Supremes Won't Review Red Lion

The Supreme Court, without comment, has chosen not to wade into the question of whether broadcasters should still be held to the "uniquely pervasive" standard that justifies FCC speech regulations, which leaves in place a ban on paid ads on noncommercial stations, unless they are paid for by nonprofits.

The court Monday (June 30) declined to hear an appeal filed by noncommercial broadcaster Minority Television Project (MTP) of a December 2013 Ninth Circuit Court decision.

In that decision, the full panel of the Ninth Circuit agreed with a California District Court ruling that upheld the FCC's rule prohibiting noncommercial stations to take paid ads from for-profit entities, as well as issue ads and political ads.

In denying the challenge by MTP, the court found that "the government has a substantial interest in imposing advertising restrictions in order to preserve the essence of public broadcast programming." The court also concluded that the ban was not an unconstitutional abridgement of speech, citing historic rationales of scarcity and intrusiveness (Supreme Court decisions in the Pacifica and Red Lion cases) for its deference to government regulation of broadcast content.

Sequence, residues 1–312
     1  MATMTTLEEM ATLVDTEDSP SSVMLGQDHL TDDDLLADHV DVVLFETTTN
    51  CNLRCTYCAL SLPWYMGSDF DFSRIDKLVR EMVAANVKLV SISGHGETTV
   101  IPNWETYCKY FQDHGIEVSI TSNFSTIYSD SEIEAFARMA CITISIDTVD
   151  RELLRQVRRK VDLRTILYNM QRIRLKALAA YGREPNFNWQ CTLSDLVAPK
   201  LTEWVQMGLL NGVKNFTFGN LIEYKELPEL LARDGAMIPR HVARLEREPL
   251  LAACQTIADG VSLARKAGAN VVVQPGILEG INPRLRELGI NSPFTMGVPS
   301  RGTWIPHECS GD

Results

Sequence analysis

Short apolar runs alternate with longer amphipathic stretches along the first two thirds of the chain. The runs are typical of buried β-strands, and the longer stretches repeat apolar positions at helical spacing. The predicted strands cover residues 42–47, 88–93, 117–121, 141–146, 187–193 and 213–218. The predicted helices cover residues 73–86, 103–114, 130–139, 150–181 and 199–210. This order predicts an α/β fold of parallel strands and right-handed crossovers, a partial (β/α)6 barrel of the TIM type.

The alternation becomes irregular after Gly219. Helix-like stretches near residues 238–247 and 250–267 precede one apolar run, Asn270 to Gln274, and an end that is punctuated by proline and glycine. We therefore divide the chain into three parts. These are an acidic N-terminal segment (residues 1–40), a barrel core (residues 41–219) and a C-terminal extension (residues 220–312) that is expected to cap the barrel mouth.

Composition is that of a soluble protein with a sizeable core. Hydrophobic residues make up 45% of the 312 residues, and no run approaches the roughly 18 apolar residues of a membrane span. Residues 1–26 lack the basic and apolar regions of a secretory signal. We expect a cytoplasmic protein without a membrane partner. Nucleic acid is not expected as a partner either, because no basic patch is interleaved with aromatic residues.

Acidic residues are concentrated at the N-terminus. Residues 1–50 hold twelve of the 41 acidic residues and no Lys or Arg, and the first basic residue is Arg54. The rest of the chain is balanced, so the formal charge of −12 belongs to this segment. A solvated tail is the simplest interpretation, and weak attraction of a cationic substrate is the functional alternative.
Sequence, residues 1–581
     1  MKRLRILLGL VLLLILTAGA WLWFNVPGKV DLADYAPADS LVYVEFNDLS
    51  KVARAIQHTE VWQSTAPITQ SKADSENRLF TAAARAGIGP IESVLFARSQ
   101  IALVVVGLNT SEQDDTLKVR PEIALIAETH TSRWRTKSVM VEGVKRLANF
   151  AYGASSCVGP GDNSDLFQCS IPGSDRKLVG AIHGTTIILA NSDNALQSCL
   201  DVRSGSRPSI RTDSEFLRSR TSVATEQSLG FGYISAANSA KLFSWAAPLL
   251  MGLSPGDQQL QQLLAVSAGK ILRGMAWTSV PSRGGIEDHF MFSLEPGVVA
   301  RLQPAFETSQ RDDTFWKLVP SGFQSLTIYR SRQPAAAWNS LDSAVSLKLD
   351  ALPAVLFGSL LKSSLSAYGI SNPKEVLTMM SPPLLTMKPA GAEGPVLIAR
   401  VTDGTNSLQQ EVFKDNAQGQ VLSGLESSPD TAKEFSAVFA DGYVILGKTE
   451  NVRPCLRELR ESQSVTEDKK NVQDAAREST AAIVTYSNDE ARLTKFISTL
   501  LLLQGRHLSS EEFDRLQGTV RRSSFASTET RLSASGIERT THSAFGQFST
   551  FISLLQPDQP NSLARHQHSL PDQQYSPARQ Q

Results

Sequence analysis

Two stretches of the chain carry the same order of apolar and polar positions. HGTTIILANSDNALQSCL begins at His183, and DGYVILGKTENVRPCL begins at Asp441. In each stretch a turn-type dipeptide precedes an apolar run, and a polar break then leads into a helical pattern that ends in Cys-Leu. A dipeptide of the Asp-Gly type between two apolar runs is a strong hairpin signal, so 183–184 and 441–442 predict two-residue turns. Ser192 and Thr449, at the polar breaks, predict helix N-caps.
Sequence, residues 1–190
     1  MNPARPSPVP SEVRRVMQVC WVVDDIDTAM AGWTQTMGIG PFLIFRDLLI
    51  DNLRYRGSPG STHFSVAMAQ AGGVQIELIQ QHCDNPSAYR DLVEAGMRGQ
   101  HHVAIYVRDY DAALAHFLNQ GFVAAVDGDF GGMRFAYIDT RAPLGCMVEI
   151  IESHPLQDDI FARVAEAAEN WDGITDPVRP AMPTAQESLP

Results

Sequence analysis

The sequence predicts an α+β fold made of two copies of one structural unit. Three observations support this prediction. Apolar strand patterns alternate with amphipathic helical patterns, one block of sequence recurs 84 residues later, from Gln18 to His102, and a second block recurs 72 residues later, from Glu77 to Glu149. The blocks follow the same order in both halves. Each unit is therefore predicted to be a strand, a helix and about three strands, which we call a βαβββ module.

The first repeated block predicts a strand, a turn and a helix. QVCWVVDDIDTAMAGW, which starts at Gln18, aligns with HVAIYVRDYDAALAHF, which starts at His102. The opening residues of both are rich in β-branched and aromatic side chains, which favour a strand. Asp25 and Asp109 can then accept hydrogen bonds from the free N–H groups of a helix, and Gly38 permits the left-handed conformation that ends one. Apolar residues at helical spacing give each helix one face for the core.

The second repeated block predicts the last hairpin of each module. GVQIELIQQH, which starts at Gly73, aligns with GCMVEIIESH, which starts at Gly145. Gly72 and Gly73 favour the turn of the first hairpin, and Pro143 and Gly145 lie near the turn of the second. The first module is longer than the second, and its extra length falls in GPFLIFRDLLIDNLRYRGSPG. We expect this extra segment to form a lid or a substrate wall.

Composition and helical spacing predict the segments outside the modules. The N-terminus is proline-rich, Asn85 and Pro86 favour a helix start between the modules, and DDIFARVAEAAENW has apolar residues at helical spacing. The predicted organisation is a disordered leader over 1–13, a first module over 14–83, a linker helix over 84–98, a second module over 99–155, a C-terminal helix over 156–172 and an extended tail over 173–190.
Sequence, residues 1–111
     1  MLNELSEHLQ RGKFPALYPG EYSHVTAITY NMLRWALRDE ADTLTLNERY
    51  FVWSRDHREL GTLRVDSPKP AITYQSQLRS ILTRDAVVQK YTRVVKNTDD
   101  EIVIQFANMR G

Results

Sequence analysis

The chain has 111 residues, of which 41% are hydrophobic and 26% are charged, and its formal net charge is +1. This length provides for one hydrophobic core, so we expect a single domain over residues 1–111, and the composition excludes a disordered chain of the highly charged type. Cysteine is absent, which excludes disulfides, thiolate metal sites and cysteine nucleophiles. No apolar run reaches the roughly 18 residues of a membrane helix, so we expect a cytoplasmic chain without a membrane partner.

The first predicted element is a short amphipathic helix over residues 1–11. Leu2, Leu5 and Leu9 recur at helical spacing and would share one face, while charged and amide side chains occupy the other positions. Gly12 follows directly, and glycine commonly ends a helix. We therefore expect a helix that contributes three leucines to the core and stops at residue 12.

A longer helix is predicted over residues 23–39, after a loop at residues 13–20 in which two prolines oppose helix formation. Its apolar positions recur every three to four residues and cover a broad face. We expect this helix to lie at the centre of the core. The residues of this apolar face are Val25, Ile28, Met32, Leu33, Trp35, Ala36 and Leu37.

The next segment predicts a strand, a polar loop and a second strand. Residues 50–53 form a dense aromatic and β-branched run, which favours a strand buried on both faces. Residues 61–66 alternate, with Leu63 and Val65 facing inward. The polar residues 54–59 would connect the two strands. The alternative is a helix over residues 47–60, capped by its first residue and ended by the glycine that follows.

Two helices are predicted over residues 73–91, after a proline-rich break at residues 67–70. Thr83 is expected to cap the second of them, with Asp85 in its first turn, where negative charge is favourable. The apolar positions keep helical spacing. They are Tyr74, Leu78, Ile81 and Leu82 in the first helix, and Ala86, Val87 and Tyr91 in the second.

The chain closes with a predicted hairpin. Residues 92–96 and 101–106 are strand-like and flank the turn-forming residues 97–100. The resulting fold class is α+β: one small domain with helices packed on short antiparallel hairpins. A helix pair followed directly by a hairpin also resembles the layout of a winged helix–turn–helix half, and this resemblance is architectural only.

It said the ban was narrowly tailored to address the harms Congress sought to prevent and did not affect speech that did not undermine that goals of the statute, which were to preserve the noncommercial, educational nature of the service.

MTP had asked the court to overrule Red Lion, saying the uniqueness argument was no longer justifiable. Broadcasters were hoping the court would revisit Red Lion in deciding on the constitutionality of indecency regs, but the court declined to weigh in then, too.

John Eggerton

Contributing editor John Eggerton has been an editor and/or writer on media regulation, legislation and policy for over four decades, including covering the FCC, FTC, Congress, the major media trade associations, and the federal courts. In addition to Multichannel News and Broadcasting + Cable, his work has appeared in Radio World, TV Technology, TV Fax, This Week in Consumer Electronics, Variety and the Encyclopedia Britannica.